Tuesday, February 18, 2020

Boston Linux Meeting Tomorrow, Wednesday, February 19, 2020 - Atom: A Hackable Text Editor for the 21st Century

When: February 19, 2020 7:00PM (6:30PM for Q&A)
Topic:  Atom: A Hackable Text Editor for the 21st Century
Moderator: Jerry Feldman
Location: MIT Building E-51, Room 149

*** Note: Room change. This is on the first Floor

Note: Parking at E-51 is now free. See note below

Please note that Wadsworth St is open from Memorial Drive to Amherst St,
but is closed between Amherst St to Main St. See the ling below for
additional details.

Note: Sorry for late notice: Our previously scheduled speaker's employer
scheduled him to be out of town.


Jerry shows us Atom, a graphical editor for software development


As the subject says, 'Atom is a Hackable Editor for the 21st Century'.
Jerry is a long time EMACS user, but while at Red Hat, he found that
EMACS was not doing a good job with Python. Another developer suggested
Atom. Atom is very customizable. First, for Python, it has a number of
packages that provide syntax checking, automatic indentation as well as
the ability to execute code from the console. Atom also has packages to
support other languages. The things I like about Atom is that it can
display a list of files and their status, and a number of panes. Jerry
will demonstrate how he works on applications and displays code in
multiple panes. In addition, Atom supports GIT and SVN. With git you can
do a an add, commit, a pull or a push. He will demonstrate that on one
of his projects.
Atom is fully open source. In addition to Python, Atom supports many
other languages, including C, C++, Perl, JavaScript, Java, and many
more. Jerry will show a list from the language indicator. Atom supports
many different themes. Jerry uses the Atom Dark, but he will demonstrate
others. He will also discuss the package manager. He will also
demonstrate how to run the application being edited.

Atom can be installed directly from the Fedora repositories via the 'dnf
install' command or the software center, and in Ubuntu via the 'apt-get'
command or via the Ubuntu Software Center. It may be downloaded from
https://atom.io/. [atom.io] For more detailed directions see the Atom
Flight Manual: https://flight-manual.atom.io/. [flight-manual.atom.io]
In many cases, when you install an application from a vendor repository,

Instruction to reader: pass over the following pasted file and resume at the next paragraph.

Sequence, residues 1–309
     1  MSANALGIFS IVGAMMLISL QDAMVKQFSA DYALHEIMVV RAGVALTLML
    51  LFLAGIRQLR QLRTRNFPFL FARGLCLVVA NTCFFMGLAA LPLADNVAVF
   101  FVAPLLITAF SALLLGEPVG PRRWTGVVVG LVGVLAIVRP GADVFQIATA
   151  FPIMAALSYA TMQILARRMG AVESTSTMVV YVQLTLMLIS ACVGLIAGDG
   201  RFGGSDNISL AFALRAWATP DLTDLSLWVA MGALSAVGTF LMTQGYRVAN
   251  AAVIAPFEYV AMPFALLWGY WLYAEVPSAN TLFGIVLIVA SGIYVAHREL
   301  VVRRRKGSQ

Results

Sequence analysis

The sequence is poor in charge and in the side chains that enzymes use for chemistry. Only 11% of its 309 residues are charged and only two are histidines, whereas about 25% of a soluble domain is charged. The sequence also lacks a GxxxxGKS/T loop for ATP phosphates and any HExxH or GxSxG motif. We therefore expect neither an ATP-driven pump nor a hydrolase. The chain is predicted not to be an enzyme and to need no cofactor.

that version might be somewhat out of date. However, atom will notify
you if there are updates to both Atom or your packages.

Jerry has tried many different editors over the years. More recently he
tried Pycharm, a popular Python-oriented IDE. Pycharm is not open
source, and the free version lacks many useful features. Several years
ago, Jerry tested Geany, but decided that Atom was the better system for

Atom Home:  https://atom.io/ <https://atom.io/>
Installing Atom:
Atom Flight Manual: https://flight-manual.atom.io/

For further information and directions please consult the BLU Web site

On-Campus Free Parking (These parking lots are free after 5pm)

The Amherst Street/E51 parking lot is the best parking option. It
probably will have plenty of spaces. During the school year the lot
tends to be full, but tends to clear out after 6:30 or 7PM.

Due to the never-ending construction, Sloan's Hermann Garage is only
accessible via Main Street. It is a small garage without a gate, and
directly under the Sloan library.

All other MIT lots require permits after hours.

The closest public parking
is Kendall Center Green Garage, next to the Marriott Hotel. The entrance is
90 Broadway Street. For other parking options, see

All Cambridge parking meters use Passport by Phone:
This is active on all Cambridge metered parking spaces. Meters are free
after 8PM

For further information and directions please consult the BLU Web site

Jerry Feldman <gaf.linux@gmail.com>
Boston Linux and Unix http://www.blu.org
PGP key id: 6F6BB6E7
PGP Key fingerprint: 0EDC 2FF5 53A6 8EED 84D1 3050 5715 B88D 6F6B B6E7

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